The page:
Speed is not important, but momentum is your friend
It is an oxymoron of course. Leaders of organizations of all stripes do strategic plans. Some do them every year, others do a strategic plan every time there is a change of leadership, and others only when they are obligated to surrender one to some overseeing authority.
They come in all shapes and sizes, some are a page, some or more than 100 pages. Some of these plans look more like business plans, and others look more like pipe dreams. It doesn’t really matter as long as there is some planning going on. Like every good plan, the actual document produced and approved at the conclusion of the exercise is just an artifact, the value of planning is really in the process, if it’s done correctly.
How many times have you made a cheat sheet just to find that you no longer needed it?
Our firm is currently serving an exceptional organization in developing a strategic plan, unusual because their approach to strategic planning not only has the necessary and important near-term horizon, focused on critical success factors such as revenue, growth and engagement and mitigating risk; but there is also the longer-term horizon focused on generational change.
It is incredibly encouraging and refreshing.
The leaders of this association are sticklers for process and detail and accountability, it is one of the reasons they are one of the largest and most successful associations in the country. But they are also visionary. They are establishing a strategic plan that will not only chart the immediate future of next steps and immediate needs to address; but then extend the planning to include the future of the next generation of professionals that will follow. There is expert analysis, there are plenty of research and industry smarts and institutional knowledge, and then there is also equal parts faith, passion and optimism. These folks want to “future-proof” their association. They are like parents of their professional offspring, they are working to make it better for them, then it was for themselves.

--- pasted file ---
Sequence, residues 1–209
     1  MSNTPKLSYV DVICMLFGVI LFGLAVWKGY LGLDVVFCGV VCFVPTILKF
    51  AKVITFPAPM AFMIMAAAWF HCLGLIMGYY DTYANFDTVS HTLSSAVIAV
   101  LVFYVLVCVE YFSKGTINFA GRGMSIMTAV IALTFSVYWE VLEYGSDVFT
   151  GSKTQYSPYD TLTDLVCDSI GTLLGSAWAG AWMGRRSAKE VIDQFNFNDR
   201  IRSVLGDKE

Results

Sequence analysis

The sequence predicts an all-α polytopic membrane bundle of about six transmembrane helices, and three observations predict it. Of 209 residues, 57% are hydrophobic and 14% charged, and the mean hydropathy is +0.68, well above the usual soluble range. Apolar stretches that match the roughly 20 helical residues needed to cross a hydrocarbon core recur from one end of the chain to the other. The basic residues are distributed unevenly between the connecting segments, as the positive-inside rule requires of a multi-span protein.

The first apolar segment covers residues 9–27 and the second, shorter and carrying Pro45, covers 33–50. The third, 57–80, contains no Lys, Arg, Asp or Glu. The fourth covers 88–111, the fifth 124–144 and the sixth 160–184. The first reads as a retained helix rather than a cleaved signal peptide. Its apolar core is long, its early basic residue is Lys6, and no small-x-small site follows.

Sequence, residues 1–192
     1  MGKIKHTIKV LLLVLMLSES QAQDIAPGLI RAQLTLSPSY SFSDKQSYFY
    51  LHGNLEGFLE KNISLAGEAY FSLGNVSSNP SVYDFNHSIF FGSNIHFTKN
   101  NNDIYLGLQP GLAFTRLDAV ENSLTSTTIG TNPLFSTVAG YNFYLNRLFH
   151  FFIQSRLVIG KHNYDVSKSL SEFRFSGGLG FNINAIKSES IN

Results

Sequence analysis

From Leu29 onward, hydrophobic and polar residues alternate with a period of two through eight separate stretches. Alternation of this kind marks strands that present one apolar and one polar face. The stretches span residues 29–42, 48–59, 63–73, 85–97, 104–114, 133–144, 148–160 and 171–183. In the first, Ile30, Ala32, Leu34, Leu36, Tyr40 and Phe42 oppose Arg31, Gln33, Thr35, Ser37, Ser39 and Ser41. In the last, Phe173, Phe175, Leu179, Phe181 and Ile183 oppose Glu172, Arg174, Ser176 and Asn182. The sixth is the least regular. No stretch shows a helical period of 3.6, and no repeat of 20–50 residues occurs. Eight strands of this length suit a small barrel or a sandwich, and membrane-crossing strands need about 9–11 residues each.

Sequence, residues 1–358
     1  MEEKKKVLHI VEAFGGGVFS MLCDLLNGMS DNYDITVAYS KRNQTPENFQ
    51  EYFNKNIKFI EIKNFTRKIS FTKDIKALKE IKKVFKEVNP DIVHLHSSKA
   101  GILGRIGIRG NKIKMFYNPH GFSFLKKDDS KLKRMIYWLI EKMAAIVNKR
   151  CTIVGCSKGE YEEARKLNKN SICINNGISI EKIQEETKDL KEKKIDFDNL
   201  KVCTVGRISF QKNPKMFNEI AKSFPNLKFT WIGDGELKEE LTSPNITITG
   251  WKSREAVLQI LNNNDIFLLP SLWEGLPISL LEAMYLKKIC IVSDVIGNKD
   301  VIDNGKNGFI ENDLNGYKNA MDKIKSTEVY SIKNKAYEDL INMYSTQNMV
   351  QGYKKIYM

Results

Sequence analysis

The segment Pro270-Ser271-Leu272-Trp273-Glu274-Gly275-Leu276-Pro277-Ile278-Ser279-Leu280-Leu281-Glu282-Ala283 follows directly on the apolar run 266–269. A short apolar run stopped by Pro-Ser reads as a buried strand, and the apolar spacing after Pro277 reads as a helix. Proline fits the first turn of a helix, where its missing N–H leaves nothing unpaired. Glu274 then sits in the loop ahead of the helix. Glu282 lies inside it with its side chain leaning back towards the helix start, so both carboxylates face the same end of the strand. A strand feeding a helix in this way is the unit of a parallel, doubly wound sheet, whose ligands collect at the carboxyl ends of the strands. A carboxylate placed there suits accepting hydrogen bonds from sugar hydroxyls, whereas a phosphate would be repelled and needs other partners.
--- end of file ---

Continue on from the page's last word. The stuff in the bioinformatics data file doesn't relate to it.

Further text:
This may be partly driven by the fact that the association is in an industry that often operates as a big family and has many members that do business as families; but nonetheless, it is a good example.
Of course, the plan is responsible and will stay driven by the core values, available budgets and identified key performance indicators of the leadership team; but this plan looks out 25 years—asking the questions: What should we do now that we can measure in decades, not quarters, and what do we want our association to look like in 2019 but also in 2050?
Does your plan do that? Maybe it should.